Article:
As far as expanding the brand’s footprint, the executive sees opportunities in markets where the brand exists, which could help raise awareness of SIXTY in a particular area (For example, its trio of properties in Manhattan includes its flagship in SoHo at 60 Thompson St.; a property on the Lower East Side on Allen St.; and an uptown property at 6 Columbus Circle). He cited Austin, TX; Nashville, TN; and Philadelphia as “exciting” markets. “I can see where the SIXTY brand would do really well in markets like that.”

He added, “We’re exploring conceptually things that might be successful in markets like Brooklyn.”

In terms of how the portfolio might grow, e.g., conversions, adaptive reuse, new-builds, management, etc., Osterhaus said the company is not limited to any one avenue.

With SIXTY a player in the lifestyle space, Hotel Business asked Osterhaus if that space is getting overcrowded or if it’s just the direction the industry is trending toward. While he acknowledged he was not sure, he offered it was “still a vibrant space and I think those who will continue to be successful are differentiating themselves with service, with authenticity in the experience they’re providing. In the markets we’re in, for sure. If you can continue to focus on the fundamentals, the guest experience and sound operating properties, I still have faith companies will grow and continue to attract travelers.”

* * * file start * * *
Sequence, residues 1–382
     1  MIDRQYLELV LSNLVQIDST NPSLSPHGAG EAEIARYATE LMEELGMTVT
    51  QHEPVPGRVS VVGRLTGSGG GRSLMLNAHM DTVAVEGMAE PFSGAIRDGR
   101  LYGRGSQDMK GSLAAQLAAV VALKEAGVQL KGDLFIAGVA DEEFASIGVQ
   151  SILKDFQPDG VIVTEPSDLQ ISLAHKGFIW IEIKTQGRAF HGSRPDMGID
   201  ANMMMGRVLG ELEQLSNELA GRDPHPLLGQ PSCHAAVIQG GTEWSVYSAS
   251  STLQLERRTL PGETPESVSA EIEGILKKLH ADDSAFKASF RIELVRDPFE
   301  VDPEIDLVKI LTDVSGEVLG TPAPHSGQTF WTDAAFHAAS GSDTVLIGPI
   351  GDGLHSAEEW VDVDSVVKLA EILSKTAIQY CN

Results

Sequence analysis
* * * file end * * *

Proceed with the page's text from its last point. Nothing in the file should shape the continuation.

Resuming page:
A suite at the SIXTY Beverly Hills, where more guestrooms and executive meeting space are slated to debut shortly.

One of the current industry trends riding tandem with authenticity is the idea of community, of drawing in and interacting with the residents of the particular neighborhood in which a property is located, and pushing it beyond just the street-entry restaurant in the hotel. Toward embracing this, Osterhaus said, “It always has been where we’ve excelled. What SIXTY does well is activate relationships in the micro-community. I don’t think it’s new. I think those that have done extremely well in the space have always done that. Bunkhouse and Standard are very focused on supporting what’s right for the micro-community and I think it’s the exact same thing for SIXTY. So the focus is not a new initiative for us and we will continue to focus on that as a priority.”

The executive noted all of the Pomeranc brothers have been extremely supportive during his transition to the post. “Their focus is on growth. The hotels have performed and so right now my focus is on the fundamentals with what exists. We need to continue to enhance our ability at SIXTY to support the teams in the hotels and past that, it’s on growth—additions to the portfolio and focusing on resources that are going to allow us to do that,” he said, noting during his first week on the job he saw the “passion and service” the SIXTY teams exhibited.

“When you look at the brand, the hotel experiences and the teams, that’s what’s exciting about what exists,” said Osterhaus. “It’s been a wonderful first week.” HB